What will you be earning in ten years?
Most of us can’t really answer that question. We might have a guess as to the answer, but it’s little more than a guess. However, almost all of us make quite a few decisions today based on our gut feeling about that question.
Let’s say you knew for certain that in ten years you’d be making four times as much as you’re making right now. Would that change how you behaved today?
Let’s say, on the other hand, that you knew that in ten years you’d be making only a third of what you’re making right now. Would you do things differently today?
Now, here’s the real key question. Which one of those two paths will ensure the best possible future for you, regardless of income?
Unless you’re doing something strange, the gameplan you would use for making a low income would be far better for you over the long run than the gameplan that assumes a big income.
Why? If you assume a big income, you’re more likely to make moves today that rely on being able to pay off debts down the road.
If you know you’re going to earn $200,000 a year in ten years and you only make $50,000 a year right now and you’re about to buy a home, it’s going to be far more tempting to buy the most expensive possible home. After all, you know that your future self will pay for it, right?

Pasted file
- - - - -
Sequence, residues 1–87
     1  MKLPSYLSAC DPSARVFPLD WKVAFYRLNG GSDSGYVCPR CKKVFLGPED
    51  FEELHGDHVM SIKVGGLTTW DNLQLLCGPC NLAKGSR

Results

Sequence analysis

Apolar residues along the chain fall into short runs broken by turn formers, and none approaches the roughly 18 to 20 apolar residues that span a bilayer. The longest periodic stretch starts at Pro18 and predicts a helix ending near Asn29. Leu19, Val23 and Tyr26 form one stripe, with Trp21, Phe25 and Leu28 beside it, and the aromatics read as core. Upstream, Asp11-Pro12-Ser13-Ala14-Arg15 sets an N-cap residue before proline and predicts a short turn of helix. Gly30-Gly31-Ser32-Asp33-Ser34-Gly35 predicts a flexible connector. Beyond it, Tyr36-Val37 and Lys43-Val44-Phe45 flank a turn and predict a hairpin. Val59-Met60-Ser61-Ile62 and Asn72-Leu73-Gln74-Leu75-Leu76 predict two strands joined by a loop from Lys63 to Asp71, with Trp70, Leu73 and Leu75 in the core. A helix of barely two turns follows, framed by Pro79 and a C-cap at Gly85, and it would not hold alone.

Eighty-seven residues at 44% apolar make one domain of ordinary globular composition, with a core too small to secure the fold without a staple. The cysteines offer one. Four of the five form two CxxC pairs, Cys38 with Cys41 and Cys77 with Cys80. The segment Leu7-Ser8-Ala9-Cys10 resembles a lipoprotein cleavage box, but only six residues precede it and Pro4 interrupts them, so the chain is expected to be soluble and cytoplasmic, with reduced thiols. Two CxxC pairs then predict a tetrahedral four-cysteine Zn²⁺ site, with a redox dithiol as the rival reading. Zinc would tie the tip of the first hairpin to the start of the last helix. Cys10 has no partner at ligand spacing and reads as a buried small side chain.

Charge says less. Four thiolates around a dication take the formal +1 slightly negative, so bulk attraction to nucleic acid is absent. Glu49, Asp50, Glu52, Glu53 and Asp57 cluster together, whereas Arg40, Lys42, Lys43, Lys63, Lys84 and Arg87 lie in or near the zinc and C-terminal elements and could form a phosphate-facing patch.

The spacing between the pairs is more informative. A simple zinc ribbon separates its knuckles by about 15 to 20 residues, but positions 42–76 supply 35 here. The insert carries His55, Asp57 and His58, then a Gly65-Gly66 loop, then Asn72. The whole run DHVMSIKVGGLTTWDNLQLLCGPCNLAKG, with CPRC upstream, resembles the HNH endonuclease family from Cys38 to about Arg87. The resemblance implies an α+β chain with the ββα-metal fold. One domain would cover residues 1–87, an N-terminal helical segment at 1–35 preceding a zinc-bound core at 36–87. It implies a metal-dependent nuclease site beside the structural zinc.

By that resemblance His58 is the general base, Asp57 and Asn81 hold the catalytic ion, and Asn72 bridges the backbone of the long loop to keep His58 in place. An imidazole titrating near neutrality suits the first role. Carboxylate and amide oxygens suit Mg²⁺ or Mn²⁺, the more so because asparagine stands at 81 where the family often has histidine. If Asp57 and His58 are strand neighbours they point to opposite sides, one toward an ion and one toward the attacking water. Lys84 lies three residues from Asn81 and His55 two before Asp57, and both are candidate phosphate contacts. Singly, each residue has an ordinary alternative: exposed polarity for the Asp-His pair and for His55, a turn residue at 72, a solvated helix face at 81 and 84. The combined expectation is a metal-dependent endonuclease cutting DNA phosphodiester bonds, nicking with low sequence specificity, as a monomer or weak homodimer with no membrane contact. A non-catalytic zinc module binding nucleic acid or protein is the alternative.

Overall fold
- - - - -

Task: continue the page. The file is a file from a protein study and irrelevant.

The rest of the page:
On the other hand, if you’re making $50,000 a year and are about to buy a home, but you know you’ll only make about $17,000 a year in ten years, you’re probably not going to buy the biggest house you can afford at the moment – that would be completely foolish.
The thing is that we use these kinds of pictures of our future with almost every major financial decision that we make. The more secure and bright we believe our future to be, the more likely we are to commit to big long-term expenses today.
In terms of actually building toward debt freedom and long-term financial security, though, you’re far better off using a pessimistic future as your guide. If you assume that your income is going to be low in the future, you’re going to make more conservative moves that keep more money in your pocket.
That way, when the future really does arrive, you’re far more likely to have more money than you expect than not enough money. This is far better than the other option, in which you assume a rich future and spend accordingly, only to likely find yourself not having enough money when that future arrives.
If you want long-term financial security, avoid making financial moves that rely on you having significant income in the future. If you need to take out a home loan, buy the smallest house you can live with. If you can’t afford the expensive car without debt, buy the cheaper car. With those lower monthly payments, it should be much easier to sock away as much as you possibly can.
That way, when you wake up in ten years, you’ll find that you’re in good financial shape no matter what your income happens to be. It’s a far less stressful way to live.